DESIGN ADVISORY PANEL: THURS. MAY 27TH 5:00 PM
PORT PLACE MALL REDEVELOPMENT
CITY HALL BOARD ROOM
THURS. MAY 27TH 5:00 PM
The revised plans of First Capital Realty’s Port Place Mall Development Permit Application (D000614) are on the agenda of the Design Advisory Panel which meets at the City Hall Board Room. Thursday May 27th at 5:00 pm. This meeting, as are all City Committee and Commission meetings is open to the public.
Plan to attend and see the revised plans!
I’ve already seen the revised plans, and some concessions to previous design panel recommendations have been made. Sad to say there is still an awful lot of surface parking, and there is still a tower. As I understand it, the tower has been moved towards the boat basin and they have redesigned the base of the tower to fit with the street scape they are creating. The tower is still extremely ugly. It is profoundly ugly. Perhaps as ugly as that Pacifica tower. And it looks like we are going to get a solid wall of towers along our water front whether we like it or not. None of those towers are a credit to our planning department. Again I ask, why is it we have the most incredible harbour on the west coast junked up with the tackiest construction in all of North America? Why are we getting all the crap, no other city would accept?
Dan, I’ve sent the notice of the Design Advisory Panel meeting on Thursday to the 3 nearby neighbourhood residents’ associations (Nanaimo Old City Association, Nob Hill Residents Association, South End Community Association) encouraging them to let their members know of this meeting and urge them to attend. I hope to see you there too.
Mayor Ruttan and Council don’t seem to realize how much the city centre and south end neighbourhoods care about this site! Let’s let them know.
I wish I had more time to do a detailed analysis of this proposal. I have only a few first impressions that allow me to predict in a very general way how this project will perform over time:
The retail component is not likely to preform any better then the retail that has been there up to now. The new road might be able to attract some “lifestyle” oriented retail, but this is, essentially, strip mall development. The possibility of an increase in retail revenue is only slight; if it is improved at all.
The residential component in phase one seems to be directed towards the lower side of the market. Because I haven’t seen floor plans for these units, I don’t know if the builder is aiming for the middle income or low income market. These units, overlooking a street, with a view of the top half of the building across the road, would only appeal to the lowest end of either market. Considering that along Front Street this site has a great view of the boat basin, and Cameron Island the choice to develop residential above the strip mall is an odd one.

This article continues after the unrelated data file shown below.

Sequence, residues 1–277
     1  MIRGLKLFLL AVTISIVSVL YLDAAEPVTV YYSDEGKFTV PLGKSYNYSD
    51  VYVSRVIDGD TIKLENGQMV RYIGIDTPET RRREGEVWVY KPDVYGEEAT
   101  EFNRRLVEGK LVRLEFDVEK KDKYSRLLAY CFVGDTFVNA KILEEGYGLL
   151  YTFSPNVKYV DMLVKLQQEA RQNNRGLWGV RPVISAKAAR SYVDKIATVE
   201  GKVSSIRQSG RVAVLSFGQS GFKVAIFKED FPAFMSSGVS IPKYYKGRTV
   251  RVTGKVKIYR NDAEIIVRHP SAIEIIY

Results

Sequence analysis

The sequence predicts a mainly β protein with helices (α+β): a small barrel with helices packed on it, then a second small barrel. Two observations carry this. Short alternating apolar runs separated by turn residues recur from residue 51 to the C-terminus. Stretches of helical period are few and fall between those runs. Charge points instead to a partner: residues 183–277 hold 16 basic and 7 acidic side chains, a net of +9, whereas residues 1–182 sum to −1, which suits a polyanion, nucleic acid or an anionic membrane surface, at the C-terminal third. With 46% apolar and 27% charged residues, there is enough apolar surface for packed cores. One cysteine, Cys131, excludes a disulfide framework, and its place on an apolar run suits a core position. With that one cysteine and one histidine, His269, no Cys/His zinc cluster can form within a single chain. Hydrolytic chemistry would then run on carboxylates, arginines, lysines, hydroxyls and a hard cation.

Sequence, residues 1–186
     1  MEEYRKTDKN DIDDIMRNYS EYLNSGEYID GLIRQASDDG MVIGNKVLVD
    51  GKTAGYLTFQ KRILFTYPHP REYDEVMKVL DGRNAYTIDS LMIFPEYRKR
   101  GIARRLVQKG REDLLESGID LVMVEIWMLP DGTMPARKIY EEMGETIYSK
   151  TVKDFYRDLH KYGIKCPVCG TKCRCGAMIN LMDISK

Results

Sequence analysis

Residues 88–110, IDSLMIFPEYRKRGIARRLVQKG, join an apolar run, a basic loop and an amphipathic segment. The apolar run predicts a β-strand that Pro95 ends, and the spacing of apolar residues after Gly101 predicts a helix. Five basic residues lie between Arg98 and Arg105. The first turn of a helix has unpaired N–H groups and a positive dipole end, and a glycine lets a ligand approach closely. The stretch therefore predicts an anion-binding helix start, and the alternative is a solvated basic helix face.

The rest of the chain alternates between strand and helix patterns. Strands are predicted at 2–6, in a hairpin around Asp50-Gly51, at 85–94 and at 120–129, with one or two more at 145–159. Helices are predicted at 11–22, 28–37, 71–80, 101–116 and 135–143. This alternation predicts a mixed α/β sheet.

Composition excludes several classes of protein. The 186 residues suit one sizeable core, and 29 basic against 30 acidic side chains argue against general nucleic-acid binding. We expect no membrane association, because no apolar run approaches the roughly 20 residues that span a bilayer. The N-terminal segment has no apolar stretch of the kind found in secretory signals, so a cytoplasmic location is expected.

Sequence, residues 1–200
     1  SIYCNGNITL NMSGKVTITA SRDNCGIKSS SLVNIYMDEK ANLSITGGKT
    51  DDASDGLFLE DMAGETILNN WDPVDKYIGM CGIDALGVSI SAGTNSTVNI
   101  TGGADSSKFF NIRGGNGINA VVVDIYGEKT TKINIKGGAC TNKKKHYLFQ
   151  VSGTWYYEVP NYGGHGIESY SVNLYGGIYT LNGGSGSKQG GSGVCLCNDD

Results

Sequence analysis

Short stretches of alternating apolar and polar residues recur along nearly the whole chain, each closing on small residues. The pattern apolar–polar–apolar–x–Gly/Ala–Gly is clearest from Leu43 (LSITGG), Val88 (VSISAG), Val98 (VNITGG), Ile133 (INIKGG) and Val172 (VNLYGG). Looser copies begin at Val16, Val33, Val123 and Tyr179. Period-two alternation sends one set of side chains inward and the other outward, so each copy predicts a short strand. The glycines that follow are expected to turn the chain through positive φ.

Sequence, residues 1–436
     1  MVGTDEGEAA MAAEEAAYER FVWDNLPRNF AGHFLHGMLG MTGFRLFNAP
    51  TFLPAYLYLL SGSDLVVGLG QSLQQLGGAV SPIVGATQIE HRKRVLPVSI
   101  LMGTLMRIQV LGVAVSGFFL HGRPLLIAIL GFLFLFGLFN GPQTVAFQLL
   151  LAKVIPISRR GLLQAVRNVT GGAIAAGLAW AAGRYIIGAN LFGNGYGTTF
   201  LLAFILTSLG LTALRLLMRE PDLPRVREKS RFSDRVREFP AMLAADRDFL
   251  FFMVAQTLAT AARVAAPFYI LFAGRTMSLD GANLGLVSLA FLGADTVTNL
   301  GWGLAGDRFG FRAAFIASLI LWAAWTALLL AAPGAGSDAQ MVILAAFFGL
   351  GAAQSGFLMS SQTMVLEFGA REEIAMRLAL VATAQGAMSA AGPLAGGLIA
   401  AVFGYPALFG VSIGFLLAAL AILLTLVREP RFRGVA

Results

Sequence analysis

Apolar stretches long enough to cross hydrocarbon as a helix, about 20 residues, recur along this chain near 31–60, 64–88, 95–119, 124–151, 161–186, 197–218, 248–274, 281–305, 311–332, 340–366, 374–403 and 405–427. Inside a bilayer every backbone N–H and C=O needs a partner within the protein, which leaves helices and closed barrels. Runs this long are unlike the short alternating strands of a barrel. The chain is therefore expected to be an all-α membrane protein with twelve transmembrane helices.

Usually, what we would like to see in phased development is the prospect of success in the preceding stages propelling (compelling) the development of subsequent stages. Phase one would springboard the construction of phase two. In this case, phase one is likely to hinder rather then help the development of phase two. The fact that phase two is so god-awful-ugly, this might be considered a blessing, except this would still leave the site underdeveloped with its potential untapped.
In my estimation, based on a brief preliminary application of my models, a phased approach would work best by focusing on residential development along Front Street. Three or four story high strata residential, with large terraces overlooking the ocean would appeal to the highest end of the middle and high income market. Phase two would be similar development on top of parking and behind this first phase. If a tower is a must, then put the tower behind this second set of terraced units. Try to build in such a way as to respect the character and quality of the site (don’t build a tower that looks like the worst example of 1980 apartment blocks).
The commercial development at the base of the residential could also be phased and developed according to demand.
And each subsequent phase is built above the parking established in the previous phases. Demand for parking is likely to decrease over the period this project is to be built. It might be possible to develop future phases without a parking component.
A “stepped back” approach from Front Street would make the sale of residential units easier and would increase the possibility of a larger residential component on that site. It would also improve prospects for the retail on that site, because it would better attract and direct pedestrian traffic up from the boat basin. It would also be slightly easier to phase, in that there would be less construction on top of existing buildings.
This is the best I can do for now. I’m helping out a friend tonight so I won’t be able to make the meeting. Good Luck,